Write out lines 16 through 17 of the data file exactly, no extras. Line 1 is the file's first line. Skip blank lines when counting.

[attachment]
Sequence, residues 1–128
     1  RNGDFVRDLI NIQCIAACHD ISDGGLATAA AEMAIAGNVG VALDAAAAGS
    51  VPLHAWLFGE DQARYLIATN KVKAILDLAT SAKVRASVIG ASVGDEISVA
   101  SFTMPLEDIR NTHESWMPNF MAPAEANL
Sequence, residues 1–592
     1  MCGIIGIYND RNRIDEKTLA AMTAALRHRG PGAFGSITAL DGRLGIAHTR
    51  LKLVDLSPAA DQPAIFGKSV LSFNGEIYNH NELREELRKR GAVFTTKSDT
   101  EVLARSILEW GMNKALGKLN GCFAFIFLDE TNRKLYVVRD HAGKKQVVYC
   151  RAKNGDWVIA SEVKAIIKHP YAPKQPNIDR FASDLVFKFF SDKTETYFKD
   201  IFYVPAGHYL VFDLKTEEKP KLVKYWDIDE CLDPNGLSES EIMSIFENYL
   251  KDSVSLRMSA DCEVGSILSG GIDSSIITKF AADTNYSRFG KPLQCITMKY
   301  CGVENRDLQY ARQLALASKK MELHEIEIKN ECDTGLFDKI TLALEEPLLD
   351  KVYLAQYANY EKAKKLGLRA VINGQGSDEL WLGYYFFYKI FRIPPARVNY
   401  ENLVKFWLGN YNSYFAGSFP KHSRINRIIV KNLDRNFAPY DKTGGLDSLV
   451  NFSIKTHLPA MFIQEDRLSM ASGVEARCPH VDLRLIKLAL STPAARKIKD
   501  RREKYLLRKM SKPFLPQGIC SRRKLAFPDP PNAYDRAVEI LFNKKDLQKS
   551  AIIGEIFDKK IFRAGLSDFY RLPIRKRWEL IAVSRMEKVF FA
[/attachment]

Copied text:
   501  RREKYLLRKM SKPFLPQGIC SRRKLAFPDP PNAYDRAVEI LFNKKDLQKS
   551  AIIGEIFDKK IFRAGLSDFY RLPIRKRWEL IAVSRMEKVF FA